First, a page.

Part 1: Water fluoridation is not safe
Hundreds of substantial research studies have reported adverse effects of fluoride on almost every organ and tissue in the human body. The influence of fluoridation chemicals on our physiology is pervasive. We list 10 major harms of fluoride.
Since NHMRC’s last review, more than 400 human and animal studies have reinforced that fluoridation chemicals:
- Are a developmental neurotoxin;
- Interfere with the endocrine system and damage the thyroid gland;
- Disrupt enzymes and damage cell proteins;
- Are a nephrotoxin (damage the kidneys); increase the risk of diabetes;
- Damage the pineal gland;
- Cause dental fluorosis, which is associated with other systemic damage;
- Damage our bones in various ways;
- May cause osteosarcoma, a rare form of cancer;
- Damage the reproductive system;
- Cause allergies or hypersensitivity symptoms in some people;
- And more
As American Nobel Prize-winning physicist, Richard Feynman once said, “We’ve learned from experience that the truth will come out.” In the case of fluoride, after 70 years of suppression and denial, the truth is indeed slowly coming out. But it is yet to overcome a wall of entrenched dogma, bureaucratic self-righteousness, political ineptness and biased commercial interests.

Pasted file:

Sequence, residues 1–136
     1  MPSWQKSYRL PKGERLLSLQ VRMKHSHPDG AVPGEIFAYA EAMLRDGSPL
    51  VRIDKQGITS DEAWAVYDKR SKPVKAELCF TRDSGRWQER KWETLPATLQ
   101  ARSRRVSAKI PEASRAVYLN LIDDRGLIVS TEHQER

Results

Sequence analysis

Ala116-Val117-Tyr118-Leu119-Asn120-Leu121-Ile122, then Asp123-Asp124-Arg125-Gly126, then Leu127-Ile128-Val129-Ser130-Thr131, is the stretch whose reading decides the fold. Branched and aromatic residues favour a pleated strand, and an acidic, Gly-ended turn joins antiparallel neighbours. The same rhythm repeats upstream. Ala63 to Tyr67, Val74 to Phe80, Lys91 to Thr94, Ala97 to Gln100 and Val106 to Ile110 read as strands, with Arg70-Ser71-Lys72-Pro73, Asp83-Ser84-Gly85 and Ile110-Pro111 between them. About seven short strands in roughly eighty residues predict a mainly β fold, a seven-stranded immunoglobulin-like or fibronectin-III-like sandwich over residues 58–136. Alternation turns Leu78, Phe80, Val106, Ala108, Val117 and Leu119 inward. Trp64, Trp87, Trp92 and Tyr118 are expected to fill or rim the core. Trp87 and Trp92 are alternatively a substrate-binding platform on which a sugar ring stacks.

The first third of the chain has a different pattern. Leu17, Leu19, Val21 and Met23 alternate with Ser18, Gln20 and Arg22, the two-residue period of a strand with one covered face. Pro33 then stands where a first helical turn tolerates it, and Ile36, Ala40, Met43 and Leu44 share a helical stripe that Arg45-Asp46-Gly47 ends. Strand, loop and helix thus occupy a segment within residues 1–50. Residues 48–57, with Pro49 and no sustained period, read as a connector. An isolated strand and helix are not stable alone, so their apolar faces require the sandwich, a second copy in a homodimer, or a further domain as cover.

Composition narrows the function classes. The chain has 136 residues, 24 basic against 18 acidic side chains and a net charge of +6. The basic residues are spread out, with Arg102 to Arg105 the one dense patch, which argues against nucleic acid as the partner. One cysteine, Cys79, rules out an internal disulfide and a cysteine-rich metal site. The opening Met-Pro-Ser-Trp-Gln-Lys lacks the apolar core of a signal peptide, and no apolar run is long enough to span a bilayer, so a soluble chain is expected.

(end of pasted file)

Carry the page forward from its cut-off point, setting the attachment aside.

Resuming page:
Today there is already a substantial body of scientific evidence refuting public water fluoridation – enough to discontinue this absurd practice immediately. But every week it seems another study is published emphasising that fluoride consumed regularly in low dosage is detrimental to our health. In fact since the last review on fluoride conducted by Australia’s National Health and Medical Research Council in 2017, more than 400 new human and animal studies have reinforced this view.
Given the growing awareness of the damage that environmental toxins can cause to our health, together with the sharply increasing rates of chronic disease in Australia – especially neurodevelopmental and other cognitive disorders, diabetes and thyroid dysfunction – can we really afford to overlook the one toxin that is delivered to around 90 per cent of Australians every day in public water supplies and many processed foods?